In most relationships, when one party wants to leave, there is discussion, a break-up. A narcissist can and likely will leave you at the very moment you stop making them feel important. No surprise when you know, but when you don't it is a huge and traumatic shock. Your partner leaves, usually without warning or explanation and chances are, if there is an explanation, your partner heaps the blame upon you. Often they will have another person waiting in the wings. And there you are left holding the bag, as it were, wondering what you’ve done wrong.
Sometimes, as it was with my ex and me, it can be a long and painful process with break-ups and reconciliations along the way. Sometimes he just wakes up one morning and leaves. However it happens, it will eventually happen. Narcissists cannot maintain relationships. It is part and parcel of the narcissistic process to break down relationships and to drift away or break away from them. This is called the discarding or abandonment phase.
It can be a terribly painful process that will leave you wondering how you can atone for your sins and bring him back so you can prove you did nothing wrong. If you have to maintain contact with your ex, you will likely see him with his new girlfriend, acting towards her like he did towards you in the beginning phase of your relationship together. But keep in mind that he has not changed overnight. She is no better at anything than you. She won’t be able to keep him happy. She will not be able to change him once his narcissism begins to break down their relationship either. His behavior has nothing to do with you. It has nothing to do with her. It is all him and his pathology.
My ex and I had been living together in our apartment for about eight months, after having moved across country for the fourth time in less than a year. I looked around our apartment. It was stacked ceiling-high in all four corners with boxes of his stuff that he had never unpacked. When he told me he wasn’t comfortable, I suggested that he try unpacking his boxes. I mean, how could he feel comfortable if he didn’t have his stuff unpacked? I certainly didn’t feel comfortable with his boxes all over the place. He said, no, that wouldn’t help. He had to move out. He explained that he needed his space. He didn’t want to break up, per se, but he just couldn’t live with me any more because...and he proceeded to list off reasons why I was unfit for cohabitation.
While your partner is busy blaming you for his having to leave, understand that it is not your fault. This is the way narcissists function in relationships. A narcissist always has to be in control, and moving from one relationship to the other is one way of maintaining control by getting out before he can be dumped by you, or some other such nonsense. For a narcissist to actually work through a problem in a relationship, he would have to admit that there was a problem and that he was part of that problem, and could therefore be part of the solution. A narcissist will not admit that. That would be giving up control.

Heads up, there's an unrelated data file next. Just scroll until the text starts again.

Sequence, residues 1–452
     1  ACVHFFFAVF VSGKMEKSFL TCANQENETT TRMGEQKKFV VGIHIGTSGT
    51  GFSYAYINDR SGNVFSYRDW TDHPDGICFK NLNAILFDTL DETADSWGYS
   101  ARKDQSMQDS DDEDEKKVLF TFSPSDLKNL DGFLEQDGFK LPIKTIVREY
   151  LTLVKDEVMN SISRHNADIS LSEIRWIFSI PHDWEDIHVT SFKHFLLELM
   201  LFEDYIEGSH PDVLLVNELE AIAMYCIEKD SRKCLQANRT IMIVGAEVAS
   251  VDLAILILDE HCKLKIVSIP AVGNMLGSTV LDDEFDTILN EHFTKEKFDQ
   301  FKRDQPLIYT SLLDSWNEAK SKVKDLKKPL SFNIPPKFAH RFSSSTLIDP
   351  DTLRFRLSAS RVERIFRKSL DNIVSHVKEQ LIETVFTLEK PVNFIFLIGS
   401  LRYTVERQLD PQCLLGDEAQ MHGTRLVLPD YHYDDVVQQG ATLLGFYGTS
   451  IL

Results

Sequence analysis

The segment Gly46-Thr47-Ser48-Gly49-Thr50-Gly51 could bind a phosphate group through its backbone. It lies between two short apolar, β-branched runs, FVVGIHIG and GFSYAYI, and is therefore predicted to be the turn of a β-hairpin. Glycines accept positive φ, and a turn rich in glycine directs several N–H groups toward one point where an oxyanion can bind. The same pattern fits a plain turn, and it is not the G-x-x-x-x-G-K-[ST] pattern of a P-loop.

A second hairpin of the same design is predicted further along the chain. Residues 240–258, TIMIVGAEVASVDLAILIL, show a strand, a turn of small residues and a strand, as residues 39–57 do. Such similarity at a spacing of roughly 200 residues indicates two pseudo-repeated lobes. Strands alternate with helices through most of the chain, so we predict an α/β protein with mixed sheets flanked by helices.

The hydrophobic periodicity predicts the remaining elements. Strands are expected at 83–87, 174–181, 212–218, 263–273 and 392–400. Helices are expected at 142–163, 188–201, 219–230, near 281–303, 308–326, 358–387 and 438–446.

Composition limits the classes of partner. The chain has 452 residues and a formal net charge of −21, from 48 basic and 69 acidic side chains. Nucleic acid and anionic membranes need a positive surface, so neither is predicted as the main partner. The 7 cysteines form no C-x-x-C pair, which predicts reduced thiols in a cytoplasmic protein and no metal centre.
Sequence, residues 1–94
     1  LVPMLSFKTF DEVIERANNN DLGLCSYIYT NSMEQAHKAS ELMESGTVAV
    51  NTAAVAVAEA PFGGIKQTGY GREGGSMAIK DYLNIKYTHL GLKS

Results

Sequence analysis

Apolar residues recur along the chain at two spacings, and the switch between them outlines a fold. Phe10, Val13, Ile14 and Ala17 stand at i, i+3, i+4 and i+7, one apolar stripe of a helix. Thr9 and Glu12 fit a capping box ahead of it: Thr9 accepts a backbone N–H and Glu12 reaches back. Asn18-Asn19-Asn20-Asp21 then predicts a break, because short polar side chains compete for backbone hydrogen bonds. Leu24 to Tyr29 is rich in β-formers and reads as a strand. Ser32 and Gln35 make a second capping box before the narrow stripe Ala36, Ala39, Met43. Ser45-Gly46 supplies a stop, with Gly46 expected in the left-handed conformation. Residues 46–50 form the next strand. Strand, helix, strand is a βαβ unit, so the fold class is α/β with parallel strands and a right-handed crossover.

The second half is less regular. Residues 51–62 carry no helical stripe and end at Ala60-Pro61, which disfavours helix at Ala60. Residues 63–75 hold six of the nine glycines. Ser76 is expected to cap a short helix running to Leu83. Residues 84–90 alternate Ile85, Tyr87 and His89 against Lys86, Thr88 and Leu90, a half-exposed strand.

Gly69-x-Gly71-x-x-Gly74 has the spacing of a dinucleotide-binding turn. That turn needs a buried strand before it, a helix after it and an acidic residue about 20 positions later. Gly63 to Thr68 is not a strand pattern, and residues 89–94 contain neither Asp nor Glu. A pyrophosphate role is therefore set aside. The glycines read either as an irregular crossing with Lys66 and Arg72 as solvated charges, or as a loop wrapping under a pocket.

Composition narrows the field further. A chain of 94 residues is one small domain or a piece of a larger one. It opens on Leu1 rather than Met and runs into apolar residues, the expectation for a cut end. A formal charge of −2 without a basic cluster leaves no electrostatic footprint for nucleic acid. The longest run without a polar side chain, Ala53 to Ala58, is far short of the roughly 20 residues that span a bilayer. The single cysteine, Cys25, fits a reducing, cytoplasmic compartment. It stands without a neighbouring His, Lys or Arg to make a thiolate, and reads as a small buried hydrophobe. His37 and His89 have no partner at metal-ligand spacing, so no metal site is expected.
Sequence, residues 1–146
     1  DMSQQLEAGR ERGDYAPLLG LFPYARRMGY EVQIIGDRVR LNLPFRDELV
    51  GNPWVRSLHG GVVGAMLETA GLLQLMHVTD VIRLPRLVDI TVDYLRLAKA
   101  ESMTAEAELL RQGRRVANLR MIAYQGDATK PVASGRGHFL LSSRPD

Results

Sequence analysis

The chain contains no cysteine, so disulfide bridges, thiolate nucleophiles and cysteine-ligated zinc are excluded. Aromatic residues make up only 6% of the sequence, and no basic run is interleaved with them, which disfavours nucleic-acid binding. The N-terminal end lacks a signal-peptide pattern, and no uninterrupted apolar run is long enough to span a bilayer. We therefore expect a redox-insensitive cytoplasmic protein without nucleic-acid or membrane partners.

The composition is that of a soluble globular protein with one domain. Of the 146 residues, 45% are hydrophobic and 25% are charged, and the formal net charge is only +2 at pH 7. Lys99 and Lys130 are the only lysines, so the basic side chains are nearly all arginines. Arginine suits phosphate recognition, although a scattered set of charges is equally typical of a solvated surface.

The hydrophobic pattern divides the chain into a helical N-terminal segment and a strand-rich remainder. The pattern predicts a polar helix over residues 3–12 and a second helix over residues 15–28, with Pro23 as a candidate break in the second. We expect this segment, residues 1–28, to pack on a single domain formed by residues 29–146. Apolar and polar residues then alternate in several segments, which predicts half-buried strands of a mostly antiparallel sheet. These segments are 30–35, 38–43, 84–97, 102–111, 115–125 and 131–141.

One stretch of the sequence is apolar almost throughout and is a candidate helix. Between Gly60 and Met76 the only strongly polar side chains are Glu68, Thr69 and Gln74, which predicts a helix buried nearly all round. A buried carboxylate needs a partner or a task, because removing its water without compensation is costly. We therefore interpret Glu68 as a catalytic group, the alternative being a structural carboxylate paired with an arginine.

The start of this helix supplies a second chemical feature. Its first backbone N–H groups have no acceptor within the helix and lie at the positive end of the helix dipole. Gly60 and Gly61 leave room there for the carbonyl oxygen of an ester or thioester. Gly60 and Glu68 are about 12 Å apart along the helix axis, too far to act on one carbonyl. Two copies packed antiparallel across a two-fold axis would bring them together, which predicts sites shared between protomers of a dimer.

He still wanted to be married. He just couldn’t live with me. He said this would make our relationship stronger. I believed him. Well, I didn’t believe him, but I was unhappy living with him. He had been more argumentative and increasingly secretive about what he did, which meant he never said anything to me that wasn’t criticism or idle chit-chat about the weather. So I told myself that we were doing the best thing for our relationship and that it would bring us closer.
We lived that way for a year and our relationship got considerably less difficult, but that was due to the fact that we weren’t together as much. We certainly weren’t making any progress toward working through our issues and he never stopped criticizing me and tearing apart our relationship. Looking back, it wouldn’t surprise me to find out that he was cheating on me. Infidelity is common with narcissistic personalities. He still had keys to my apartment, but I didn’t have keys to his. He had no landline installed, so he had no answering machine. He lived on the other side of town, so we wouldn’t run into one another in the neighborhood.
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During the time we were living separately, we had broken up a few times. This had become a new tactic of his. When we would argue, he’d get to a point where he’d threaten to break-up. At that point, I would either backtrack or beg forgiveness so he wouldn’t break up with me. Sometimes, he’d break up with me regardless, accusing me of giving up on the relationship. These were generally overnight breakups, usually when I was at his place, and he’d send me out of his bed, back to my apartment, crying - often times on my bicycle in the middle of the night. Each time, he would call me the next morning and give me a second chance, allowing me to recant or apologize for the things I had said that made us break up. In his mind, it was never him that pushed us to break up. It was me, something I had said or done or expected that made us have to break up. And every time I would take the opportunity he gave me and we’d get back together.
We carried on like this for a year and he eventually moved back into my apartment after the lease for his was up.